History of Garrick Theatre:
Financed by W. S. Gilbert and named after influential Shakespearean actor David Garrick, the Garrick Theatre opened on 24 April 1889. One of its early successes was the comedy A Pair of Spectacles which opened in 1890 and ran for five years. After the follow-up production The Notorious Mrs. Ebbsmith, the theatre suffered a period of decline.
Leased by Arthur Bourchier, the theatre began staging successful productions once more, such as J. M. Barrie’s The Wedding Guest in 1900 and Rutland Barrington’s The Water Babies in 1902. These productions would continue through various management changes that would eventually leave the theatre unemployed between 1939 and 1941. When actor-singer-dancer Jack Buchanan began managing the theatre in 1947, the theatre began presenting a string of highly successful comedies.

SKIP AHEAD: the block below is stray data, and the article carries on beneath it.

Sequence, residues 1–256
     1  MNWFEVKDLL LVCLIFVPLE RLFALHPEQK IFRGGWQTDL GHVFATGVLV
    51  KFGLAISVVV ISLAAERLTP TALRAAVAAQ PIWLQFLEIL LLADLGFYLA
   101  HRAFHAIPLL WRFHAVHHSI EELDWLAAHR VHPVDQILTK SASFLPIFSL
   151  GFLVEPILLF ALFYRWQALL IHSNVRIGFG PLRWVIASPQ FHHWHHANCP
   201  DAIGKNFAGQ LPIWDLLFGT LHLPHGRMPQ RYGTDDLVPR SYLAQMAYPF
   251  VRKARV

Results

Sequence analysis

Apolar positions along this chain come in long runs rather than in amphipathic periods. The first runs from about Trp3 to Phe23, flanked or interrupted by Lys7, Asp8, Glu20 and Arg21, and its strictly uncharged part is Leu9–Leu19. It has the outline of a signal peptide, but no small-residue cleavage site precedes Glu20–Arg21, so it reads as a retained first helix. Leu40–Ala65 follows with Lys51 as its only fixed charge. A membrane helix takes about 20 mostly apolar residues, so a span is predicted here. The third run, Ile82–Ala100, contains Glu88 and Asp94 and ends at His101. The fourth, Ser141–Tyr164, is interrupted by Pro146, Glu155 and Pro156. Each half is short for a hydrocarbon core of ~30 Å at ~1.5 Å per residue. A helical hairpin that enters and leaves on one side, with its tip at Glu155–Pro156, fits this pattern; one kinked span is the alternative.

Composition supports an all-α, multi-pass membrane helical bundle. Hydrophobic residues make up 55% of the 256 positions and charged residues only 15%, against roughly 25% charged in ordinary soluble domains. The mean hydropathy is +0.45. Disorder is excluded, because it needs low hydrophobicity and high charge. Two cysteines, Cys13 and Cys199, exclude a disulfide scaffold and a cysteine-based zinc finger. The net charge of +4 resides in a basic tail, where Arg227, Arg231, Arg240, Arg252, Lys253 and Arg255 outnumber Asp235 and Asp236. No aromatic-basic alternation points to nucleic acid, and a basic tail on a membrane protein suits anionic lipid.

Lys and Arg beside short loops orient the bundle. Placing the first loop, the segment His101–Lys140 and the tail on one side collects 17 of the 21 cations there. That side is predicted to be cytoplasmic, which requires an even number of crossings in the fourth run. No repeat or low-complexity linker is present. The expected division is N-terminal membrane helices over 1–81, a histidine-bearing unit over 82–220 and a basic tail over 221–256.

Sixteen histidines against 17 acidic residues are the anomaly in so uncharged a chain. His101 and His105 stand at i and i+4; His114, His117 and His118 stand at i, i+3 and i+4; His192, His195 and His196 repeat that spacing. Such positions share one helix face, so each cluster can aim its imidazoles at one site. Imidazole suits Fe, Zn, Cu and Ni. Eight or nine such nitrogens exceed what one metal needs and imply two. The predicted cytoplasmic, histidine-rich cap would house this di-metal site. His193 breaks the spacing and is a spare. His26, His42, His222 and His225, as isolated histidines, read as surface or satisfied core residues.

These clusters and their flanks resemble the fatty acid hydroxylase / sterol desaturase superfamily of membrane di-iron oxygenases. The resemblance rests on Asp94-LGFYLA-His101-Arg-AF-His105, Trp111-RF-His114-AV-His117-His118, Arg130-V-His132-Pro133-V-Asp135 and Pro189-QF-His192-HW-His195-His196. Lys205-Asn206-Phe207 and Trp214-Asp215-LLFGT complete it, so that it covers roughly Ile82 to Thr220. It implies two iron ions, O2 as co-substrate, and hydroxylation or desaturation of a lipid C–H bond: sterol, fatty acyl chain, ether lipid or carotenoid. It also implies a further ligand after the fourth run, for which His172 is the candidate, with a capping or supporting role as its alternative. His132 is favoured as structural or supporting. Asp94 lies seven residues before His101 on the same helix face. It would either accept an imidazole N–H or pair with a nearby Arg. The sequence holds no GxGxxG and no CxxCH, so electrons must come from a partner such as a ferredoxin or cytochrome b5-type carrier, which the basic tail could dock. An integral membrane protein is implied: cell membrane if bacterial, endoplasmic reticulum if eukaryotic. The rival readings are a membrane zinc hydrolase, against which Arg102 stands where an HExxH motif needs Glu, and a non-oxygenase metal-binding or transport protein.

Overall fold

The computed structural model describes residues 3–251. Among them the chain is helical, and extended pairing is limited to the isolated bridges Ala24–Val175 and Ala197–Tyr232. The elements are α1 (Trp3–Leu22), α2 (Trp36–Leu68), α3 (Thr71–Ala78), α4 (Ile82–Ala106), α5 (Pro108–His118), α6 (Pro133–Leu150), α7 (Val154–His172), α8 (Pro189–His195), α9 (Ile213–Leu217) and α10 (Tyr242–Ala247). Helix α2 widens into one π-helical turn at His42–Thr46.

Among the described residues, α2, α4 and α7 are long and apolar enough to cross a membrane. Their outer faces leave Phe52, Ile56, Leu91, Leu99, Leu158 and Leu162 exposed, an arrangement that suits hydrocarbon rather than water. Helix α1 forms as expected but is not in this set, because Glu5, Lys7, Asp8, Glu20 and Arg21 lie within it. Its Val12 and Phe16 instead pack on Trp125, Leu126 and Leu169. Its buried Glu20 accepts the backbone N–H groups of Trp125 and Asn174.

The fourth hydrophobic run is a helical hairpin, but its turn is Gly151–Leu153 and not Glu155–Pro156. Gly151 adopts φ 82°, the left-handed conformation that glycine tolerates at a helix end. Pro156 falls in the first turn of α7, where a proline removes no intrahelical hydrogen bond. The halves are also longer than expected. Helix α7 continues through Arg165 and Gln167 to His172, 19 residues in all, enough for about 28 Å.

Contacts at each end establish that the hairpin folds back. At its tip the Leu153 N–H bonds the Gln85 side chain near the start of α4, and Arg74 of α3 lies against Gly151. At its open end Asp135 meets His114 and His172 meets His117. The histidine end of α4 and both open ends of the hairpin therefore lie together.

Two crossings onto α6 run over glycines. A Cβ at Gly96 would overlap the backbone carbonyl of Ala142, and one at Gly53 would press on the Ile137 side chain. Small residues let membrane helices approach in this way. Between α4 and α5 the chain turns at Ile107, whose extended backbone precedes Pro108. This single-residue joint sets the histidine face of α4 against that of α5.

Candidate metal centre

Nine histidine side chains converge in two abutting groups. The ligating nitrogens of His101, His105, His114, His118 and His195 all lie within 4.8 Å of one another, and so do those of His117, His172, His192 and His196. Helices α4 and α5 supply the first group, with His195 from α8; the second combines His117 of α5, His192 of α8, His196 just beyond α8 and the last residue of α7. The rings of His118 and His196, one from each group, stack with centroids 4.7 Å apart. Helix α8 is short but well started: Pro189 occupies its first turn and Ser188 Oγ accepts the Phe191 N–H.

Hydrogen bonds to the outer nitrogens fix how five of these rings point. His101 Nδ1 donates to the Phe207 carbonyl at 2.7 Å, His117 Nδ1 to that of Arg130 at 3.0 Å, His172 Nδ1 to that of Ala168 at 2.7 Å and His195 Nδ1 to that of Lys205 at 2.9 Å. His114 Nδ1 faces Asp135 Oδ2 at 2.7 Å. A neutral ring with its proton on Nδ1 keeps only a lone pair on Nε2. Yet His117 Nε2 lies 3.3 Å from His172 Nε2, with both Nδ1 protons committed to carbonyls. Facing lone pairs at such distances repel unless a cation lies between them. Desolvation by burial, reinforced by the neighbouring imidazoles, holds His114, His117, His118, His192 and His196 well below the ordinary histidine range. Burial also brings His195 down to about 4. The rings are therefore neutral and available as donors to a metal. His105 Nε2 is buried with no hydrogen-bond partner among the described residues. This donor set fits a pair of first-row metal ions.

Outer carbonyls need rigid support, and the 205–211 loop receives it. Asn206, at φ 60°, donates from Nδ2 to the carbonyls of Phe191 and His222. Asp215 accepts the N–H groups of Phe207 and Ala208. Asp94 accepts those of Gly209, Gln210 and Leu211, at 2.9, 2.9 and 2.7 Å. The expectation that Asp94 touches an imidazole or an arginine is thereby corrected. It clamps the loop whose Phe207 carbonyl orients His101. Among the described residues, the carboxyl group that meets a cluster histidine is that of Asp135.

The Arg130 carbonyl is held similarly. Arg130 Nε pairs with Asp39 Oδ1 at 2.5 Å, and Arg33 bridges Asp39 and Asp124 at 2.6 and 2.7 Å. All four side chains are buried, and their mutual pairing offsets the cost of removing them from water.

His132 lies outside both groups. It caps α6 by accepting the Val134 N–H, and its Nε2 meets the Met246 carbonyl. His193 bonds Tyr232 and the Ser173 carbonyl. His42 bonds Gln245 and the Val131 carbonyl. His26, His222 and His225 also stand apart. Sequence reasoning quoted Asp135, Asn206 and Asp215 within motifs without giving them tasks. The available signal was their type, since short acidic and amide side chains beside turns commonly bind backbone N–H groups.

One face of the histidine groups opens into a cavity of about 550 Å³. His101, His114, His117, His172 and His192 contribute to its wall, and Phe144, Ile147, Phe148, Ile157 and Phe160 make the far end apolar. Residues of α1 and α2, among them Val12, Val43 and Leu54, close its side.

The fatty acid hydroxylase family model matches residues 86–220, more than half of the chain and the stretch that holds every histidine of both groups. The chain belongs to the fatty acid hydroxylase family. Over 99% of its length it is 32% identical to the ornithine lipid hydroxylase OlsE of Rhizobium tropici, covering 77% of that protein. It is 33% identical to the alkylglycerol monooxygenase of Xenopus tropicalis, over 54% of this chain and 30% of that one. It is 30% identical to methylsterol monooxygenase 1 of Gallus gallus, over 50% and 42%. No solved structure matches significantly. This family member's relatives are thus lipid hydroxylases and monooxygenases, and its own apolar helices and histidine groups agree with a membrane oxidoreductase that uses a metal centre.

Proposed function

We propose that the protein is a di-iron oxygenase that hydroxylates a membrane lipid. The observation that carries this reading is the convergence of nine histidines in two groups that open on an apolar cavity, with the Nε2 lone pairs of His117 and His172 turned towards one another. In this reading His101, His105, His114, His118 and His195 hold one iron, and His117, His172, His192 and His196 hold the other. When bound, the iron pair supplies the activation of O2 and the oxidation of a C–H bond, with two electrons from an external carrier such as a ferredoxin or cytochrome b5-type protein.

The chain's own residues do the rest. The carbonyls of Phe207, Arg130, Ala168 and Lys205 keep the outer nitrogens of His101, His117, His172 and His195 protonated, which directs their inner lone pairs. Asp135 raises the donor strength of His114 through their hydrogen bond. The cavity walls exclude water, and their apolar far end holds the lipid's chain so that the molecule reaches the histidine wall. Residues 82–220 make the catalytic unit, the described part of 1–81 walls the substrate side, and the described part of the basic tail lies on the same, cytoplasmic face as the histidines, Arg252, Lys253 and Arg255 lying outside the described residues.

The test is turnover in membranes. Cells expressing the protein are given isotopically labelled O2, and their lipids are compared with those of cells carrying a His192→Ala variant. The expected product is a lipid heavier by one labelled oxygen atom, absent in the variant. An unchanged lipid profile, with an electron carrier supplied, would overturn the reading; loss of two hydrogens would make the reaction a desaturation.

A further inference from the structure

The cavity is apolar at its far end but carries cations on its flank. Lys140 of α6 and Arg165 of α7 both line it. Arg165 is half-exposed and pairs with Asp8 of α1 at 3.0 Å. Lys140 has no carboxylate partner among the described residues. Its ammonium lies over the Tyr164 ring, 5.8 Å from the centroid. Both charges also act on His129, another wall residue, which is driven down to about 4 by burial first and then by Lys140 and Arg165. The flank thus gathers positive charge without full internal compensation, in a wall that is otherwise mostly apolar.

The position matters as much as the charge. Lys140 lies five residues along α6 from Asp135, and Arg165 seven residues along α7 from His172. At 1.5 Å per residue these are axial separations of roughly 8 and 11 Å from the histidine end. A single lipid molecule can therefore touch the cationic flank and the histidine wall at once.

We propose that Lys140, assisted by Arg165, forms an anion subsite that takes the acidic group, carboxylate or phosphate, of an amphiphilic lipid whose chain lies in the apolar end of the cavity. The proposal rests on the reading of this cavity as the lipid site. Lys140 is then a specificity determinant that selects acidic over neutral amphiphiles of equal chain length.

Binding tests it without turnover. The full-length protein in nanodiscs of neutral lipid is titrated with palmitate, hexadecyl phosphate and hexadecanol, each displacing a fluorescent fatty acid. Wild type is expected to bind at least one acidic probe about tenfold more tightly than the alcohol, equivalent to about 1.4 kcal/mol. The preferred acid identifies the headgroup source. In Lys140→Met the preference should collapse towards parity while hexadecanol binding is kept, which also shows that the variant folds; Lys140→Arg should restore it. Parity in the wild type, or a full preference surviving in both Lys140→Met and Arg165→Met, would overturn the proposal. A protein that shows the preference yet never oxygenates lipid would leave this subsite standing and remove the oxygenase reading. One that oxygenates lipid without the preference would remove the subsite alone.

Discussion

After a refurbishment between 1965-66, the theatre found itself under threat by the GLC proposed redevelopment of Covent Garden in 1968. The Save London Theatres Campaign successfully led to the abandonment of the scheme. In modern times successful productions have included 1982’s No Sex Please We’re British, which ran for four years before transferring to the Duchess Theatre, 1995’s An Inspector Calls (a successful transfer from the National Theatre), and 2006’s One Flew Over the Cuckoo’s Nest, starring film actor Christian Slater.
The theatre has recently seen a string of musicals take residence in the theatre, such as A little Night Music in 2007, Loserville in 2012, and Rock of Ages in 2013.